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Rte Cereal Industry

In: Business and Management

Submitted By youguizi1980
Words 1011
Pages 5
The Ready-to-Eat (RTE) Breakfast Cereal Industry in 1994

The Big Three (Kellogg, General Mills, and Phillip Morris) had been enjoying the stable Ready-to-Eat breakfast cereal industry with above average profitability since its start in 1894 until the recent surge of the private label sales and slowing demand.

The Big Three had been extremely profitable because they were able to maintain high prices by restraining from direct price competition among themselves, which would have resulted in a lose-lose situation with a decrease in the overall profitability of the industry. The Big Three monopolized 82.5% on average of the concentrated market through 1950 to 1980, as they controlled the whole value chain.

The coopetition was formed through unwritten agreements among the Big Three to limit special offers, which would only increase one firm’s market share temporarily at the expense of its competitors. These tactics would initiate a cycle of escalating costs, decreasing industry profitability. To avoid this sequential game, all major players simply followed the price increase of Kellogg, the market leader, who was aware of its power to effectively determine the price levels of the industry by analyzing prior reactions of the competitors.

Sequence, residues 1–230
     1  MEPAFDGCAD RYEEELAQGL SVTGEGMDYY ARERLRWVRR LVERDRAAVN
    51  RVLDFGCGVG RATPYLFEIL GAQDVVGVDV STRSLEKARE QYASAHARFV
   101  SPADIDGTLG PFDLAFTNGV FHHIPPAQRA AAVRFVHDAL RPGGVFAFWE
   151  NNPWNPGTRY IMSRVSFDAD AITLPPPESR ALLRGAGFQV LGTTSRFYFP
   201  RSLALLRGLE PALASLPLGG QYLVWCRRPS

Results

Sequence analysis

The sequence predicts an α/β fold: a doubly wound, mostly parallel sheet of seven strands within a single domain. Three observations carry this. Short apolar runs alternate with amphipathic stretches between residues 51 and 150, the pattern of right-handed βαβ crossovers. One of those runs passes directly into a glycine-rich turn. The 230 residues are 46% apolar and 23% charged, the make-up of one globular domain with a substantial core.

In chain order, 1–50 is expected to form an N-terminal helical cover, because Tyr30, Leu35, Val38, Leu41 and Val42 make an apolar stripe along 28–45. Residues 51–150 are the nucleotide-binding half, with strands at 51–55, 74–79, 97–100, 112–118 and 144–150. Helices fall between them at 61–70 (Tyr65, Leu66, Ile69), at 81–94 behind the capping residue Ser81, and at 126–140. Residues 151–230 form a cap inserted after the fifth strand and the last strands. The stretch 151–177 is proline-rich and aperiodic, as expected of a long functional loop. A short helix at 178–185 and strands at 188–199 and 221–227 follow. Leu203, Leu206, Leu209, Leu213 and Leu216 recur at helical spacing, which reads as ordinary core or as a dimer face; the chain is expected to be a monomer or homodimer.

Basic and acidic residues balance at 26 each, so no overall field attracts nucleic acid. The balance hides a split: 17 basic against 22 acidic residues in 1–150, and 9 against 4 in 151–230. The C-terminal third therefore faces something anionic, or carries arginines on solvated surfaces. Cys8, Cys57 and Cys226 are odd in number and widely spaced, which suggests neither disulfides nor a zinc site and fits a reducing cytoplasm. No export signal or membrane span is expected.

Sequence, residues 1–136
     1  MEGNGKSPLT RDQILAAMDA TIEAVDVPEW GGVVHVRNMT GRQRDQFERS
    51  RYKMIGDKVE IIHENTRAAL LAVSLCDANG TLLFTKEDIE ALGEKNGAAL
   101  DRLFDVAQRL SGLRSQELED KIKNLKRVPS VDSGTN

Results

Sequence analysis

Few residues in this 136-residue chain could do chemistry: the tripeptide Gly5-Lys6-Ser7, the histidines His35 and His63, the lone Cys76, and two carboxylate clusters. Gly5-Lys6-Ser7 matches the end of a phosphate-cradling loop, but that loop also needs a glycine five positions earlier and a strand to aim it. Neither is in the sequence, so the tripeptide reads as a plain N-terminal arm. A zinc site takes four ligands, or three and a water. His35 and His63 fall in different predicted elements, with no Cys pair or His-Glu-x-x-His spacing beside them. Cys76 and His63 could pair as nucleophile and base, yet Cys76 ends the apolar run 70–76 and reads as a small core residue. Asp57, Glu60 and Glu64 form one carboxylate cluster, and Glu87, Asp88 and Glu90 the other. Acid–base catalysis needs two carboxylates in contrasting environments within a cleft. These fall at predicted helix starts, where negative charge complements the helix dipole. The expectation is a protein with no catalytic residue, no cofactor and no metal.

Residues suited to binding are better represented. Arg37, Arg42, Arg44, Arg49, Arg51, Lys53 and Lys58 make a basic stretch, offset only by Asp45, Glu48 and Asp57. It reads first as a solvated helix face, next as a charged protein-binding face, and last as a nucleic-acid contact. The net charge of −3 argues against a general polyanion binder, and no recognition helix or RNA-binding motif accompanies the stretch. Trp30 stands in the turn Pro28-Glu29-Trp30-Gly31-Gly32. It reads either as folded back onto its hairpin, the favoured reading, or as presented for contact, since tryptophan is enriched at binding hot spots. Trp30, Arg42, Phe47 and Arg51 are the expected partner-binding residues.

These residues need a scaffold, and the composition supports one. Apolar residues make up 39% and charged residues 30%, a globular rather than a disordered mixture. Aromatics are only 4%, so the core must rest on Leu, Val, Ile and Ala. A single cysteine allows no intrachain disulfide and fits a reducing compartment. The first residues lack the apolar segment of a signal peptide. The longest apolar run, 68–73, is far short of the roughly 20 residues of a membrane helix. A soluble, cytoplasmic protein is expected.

The major manufactures utilized coupons and trade promotions heavily, which resulted in over one fourth of all cereal purchases made with coupons. These price promotions made the hike of RTE cereal prices possible by seemingly lowering the purchase prices with coupons. The branded manufactures controlled the willingness to pay of end-consumers and captured most of the value created in the whole value chain.

Another key factor of success was the whole chain management that imposed bargaining powers over suppliers and buyers. Since the raw materials are commodities and the Big Three have advantages to choose among many...

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